Blogging Bayport Alameda

August 19, 2013

John Knox White: Speak now or forever hold your peace

Filed under: Alameda, Guest blogging — Lauren Do @ 6:00 am

Alameda Point planning is underway, and this time it’s real. We own much of the land, so the next developers that we engage with will be able to put shovel into dirt and start knocking things down and building stuff. What that stuff might be is yet to be determined, but if the Catellus “remnant parcel” project that was at the planning board over the last two months holds any lessons, it’s that the boring items that happen early on carry a lot of weight in shaping what will occur at the end of the project.

The remnant parcel was the result of a complicated four-party land deal that allowed the City of Alameda and Catellus to build the Stargell Ave extension from Webster to Main Street and provide access to the Alameda Landing site. The Stargell extension was designed and planned back around 2000, but there was a hitch. The College of Alameda owned the land that City needed to connect to it newly acquired land that would become Alameda Landing and Bayport. As Catellus’ plans firmed up, negotiations with the College heated up. The College was amenable to the roadway, but not interested in owning a two-acre site cut off from the rest of campus by 5-6 lane road and next to the tube exit. Long story short, in 2008, Catellus bought a building in Marina Village, then traded the building to the College for the land that became the Stargell extension and the remnant parcel. Some info available here at the SF Biz Times and Lauren wrote about it here.

That’s when the die was cast. The entire deal was based on Catellus’ interest in the land to support and expand on their Alameda Landing project, according to the SF Business Times, “Catellus thought it could be used as an entry for Alameda Landing and possibly additional retail.” At the time, the land was zoned as “Community Commercial,” a rather wide open zoning designation, fast food allowed, but drive-thru’s need special permission (as they do in the rest of the city). The die was cast. Fast forward to 2013, In-N-Out wants to come to town, the city has designed one of the most suburban and bicycle and pedestrian unfriendly roads in Alameda at the site.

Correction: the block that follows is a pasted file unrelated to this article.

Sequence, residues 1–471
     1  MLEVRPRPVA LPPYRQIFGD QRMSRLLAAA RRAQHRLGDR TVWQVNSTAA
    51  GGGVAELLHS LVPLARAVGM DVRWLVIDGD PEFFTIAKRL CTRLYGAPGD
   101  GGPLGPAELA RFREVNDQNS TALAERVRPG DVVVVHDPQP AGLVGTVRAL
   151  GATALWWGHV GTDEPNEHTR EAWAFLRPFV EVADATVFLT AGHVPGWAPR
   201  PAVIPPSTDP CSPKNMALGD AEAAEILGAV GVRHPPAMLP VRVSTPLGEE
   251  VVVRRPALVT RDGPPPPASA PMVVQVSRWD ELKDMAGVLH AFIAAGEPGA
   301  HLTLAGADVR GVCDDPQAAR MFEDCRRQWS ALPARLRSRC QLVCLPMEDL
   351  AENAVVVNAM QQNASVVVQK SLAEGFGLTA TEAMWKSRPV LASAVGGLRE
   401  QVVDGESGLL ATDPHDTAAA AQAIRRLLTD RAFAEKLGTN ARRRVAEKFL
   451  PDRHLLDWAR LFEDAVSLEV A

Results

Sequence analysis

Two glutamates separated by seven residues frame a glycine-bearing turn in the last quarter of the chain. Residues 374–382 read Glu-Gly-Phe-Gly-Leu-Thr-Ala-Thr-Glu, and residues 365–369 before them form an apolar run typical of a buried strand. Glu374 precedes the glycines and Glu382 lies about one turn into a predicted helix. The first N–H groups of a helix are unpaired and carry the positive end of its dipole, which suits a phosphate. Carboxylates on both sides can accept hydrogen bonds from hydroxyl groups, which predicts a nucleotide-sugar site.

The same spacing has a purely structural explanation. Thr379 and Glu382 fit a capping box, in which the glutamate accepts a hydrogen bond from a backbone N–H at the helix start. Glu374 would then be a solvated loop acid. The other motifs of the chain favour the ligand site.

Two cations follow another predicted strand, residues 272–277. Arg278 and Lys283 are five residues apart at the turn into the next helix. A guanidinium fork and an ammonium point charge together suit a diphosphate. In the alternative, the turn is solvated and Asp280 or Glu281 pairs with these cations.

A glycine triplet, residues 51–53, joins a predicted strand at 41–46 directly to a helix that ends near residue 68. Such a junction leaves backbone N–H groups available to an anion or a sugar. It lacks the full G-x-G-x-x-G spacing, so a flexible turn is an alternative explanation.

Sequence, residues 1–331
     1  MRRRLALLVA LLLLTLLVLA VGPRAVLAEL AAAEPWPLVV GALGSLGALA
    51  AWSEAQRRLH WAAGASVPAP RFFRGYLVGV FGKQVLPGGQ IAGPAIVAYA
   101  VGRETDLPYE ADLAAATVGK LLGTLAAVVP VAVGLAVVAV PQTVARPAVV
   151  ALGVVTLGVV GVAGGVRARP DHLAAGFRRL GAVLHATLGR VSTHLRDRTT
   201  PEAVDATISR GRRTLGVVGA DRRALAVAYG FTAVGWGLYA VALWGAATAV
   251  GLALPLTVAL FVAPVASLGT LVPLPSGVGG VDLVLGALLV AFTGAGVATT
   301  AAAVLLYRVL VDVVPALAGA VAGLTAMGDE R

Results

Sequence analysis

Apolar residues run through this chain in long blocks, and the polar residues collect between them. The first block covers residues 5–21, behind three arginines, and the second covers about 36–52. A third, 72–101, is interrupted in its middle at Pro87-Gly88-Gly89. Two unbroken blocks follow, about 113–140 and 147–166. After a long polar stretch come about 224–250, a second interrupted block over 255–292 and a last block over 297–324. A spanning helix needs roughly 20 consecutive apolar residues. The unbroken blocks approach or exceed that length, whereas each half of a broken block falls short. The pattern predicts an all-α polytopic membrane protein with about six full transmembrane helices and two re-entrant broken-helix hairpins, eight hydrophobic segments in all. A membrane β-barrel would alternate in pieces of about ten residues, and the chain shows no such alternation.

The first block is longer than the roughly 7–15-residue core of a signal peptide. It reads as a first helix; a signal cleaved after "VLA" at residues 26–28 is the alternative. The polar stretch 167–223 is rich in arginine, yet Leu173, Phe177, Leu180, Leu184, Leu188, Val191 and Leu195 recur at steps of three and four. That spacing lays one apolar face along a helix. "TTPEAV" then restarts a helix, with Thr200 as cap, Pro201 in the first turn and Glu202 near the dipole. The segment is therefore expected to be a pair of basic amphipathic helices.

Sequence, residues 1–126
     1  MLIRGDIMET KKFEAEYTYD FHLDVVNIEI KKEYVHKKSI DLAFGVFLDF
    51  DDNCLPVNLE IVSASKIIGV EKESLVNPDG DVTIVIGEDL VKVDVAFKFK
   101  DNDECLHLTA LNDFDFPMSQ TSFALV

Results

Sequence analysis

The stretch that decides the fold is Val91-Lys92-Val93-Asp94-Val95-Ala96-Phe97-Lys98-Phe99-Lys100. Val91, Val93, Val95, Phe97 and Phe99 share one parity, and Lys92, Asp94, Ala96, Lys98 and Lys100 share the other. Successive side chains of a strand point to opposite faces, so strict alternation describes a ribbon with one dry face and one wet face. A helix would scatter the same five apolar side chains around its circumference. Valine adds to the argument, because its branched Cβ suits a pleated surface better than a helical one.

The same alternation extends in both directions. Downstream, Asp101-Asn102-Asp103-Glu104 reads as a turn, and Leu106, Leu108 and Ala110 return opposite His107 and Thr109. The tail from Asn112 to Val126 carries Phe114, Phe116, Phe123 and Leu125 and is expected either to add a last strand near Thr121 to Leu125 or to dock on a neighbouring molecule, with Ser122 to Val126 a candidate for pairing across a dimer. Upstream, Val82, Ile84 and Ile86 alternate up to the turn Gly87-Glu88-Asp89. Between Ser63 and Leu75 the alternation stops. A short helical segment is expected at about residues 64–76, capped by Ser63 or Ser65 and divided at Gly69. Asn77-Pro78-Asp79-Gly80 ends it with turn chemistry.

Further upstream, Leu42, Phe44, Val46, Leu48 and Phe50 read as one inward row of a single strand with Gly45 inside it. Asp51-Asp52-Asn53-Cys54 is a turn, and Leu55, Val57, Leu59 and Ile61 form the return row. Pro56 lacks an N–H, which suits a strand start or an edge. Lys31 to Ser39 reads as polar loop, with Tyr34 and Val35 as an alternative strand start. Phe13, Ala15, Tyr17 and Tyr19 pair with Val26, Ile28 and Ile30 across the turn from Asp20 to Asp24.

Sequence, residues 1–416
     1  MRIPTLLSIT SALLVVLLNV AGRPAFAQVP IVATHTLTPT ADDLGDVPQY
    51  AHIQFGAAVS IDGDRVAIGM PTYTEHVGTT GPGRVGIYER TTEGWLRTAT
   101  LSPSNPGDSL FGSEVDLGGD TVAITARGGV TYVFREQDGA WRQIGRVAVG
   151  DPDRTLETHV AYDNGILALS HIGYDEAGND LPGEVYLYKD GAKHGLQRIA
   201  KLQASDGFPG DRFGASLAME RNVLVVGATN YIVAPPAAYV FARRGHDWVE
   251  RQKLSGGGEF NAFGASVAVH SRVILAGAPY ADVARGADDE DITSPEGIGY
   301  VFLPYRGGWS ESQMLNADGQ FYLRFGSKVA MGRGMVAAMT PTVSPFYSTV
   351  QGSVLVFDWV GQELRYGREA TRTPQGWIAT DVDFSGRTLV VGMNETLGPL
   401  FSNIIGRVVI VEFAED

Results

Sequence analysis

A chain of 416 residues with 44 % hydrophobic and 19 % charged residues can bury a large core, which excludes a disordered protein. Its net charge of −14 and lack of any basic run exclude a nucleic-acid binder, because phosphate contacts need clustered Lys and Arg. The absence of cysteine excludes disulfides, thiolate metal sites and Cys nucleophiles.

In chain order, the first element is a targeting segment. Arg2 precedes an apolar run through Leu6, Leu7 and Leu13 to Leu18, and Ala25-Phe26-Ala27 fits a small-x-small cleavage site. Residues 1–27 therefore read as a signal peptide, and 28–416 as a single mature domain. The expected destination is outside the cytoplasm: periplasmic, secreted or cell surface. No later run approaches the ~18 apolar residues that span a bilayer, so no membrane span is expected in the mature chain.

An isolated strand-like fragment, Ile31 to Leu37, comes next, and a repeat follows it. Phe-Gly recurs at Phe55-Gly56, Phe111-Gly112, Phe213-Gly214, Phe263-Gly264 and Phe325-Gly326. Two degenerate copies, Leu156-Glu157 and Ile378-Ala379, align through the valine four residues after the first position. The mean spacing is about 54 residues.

There wasn’t a lot of choice. The planning board couldn’t say “no fast food” because fast food is allowable by right based on the years old zoning. Saying “no” could (not saying would) have opened up the City to a lawsuit. Now, the board could have said no drive-thru, thus killing In-N-Out, but it’s likely that another fast food joint, sans drive-thru would have popped up in its place.

I write about it now, not to re-open the discussion about In-N-Out, which is over and I believe has not been appealed to the Council. But because the planning for Alameda Point is now at that stage in its process where decisions about “what” will be built where. The first step has been taken, the creation of a planning guide (big file!). While longer than I think it should have been, it’s a document that tries to identify what is proposed, conceptually, to happen at the point. The planning board and council have both voted in unanimous agreement on the direction proposed in the document.

Next Wednesday, August 21, the Board will hold an Alameda Point only meeting to discuss the Town Center plan and the initial draft of the infrastructure plan (both documents, plus staff reports can be found here.)

The planning guide is the document that anyone interested in being involved in what happens at Alameda Point should start with. It’s the high level road map. It doesn’t require the city to do anything, but it outlines the direction that the city expects to move. It’s a living document, meaning that as the infrastructure study and environmental reports are done, the document can be adjusted if necessary based on new information. From this document, discussions on zoning, development phasing, the town center plan, and more specific, targeted development conversations will spring.

These decisions will be the 4-way land swap deal of the Alameda Point process. Don’t want drive-thru’s at Alameda Point, write it into the zoning, like we have on North Park Street. Make fast food conditional, so that every application needs special approval, this is where it goes. Once set, it will be much more difficult to challenge ideas that are presented, because the city needs to be careful changing the rules of the game in the middle of negotiations with developers and land-owners.